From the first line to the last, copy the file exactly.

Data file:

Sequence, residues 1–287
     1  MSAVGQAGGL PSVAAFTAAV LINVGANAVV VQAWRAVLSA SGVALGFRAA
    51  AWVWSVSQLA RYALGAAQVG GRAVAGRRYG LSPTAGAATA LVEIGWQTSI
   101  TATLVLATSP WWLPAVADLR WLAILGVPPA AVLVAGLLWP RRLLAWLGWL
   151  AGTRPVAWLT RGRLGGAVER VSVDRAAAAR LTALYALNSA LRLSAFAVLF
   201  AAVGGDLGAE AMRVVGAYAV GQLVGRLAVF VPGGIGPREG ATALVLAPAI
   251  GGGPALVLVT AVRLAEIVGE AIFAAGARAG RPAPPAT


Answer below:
Sequence, residues 1–287
     1  MSAVGQAGGL PSVAAFTAAV LINVGANAVV VQAWRAVLSA SGVALGFRAA
    51  AWVWSVSQLA RYALGAAQVG GRAVAGRRYG LSPTAGAATA LVEIGWQTSI
   101  TATLVLATSP WWLPAVADLR WLAILGVPPA AVLVAGLLWP RRLLAWLGWL
   151  AGTRPVAWLT RGRLGGAVER VSVDRAAAAR LTALYALNSA LRLSAFAVLF
   201  AAVGGDLGAE AMRVVGAYAV GQLVGRLAVF VPGGIGPREG ATALVLAPAI
   251  GGGPALVLVT AVRLAEIVGE AIFAAGARAG RPAPPAT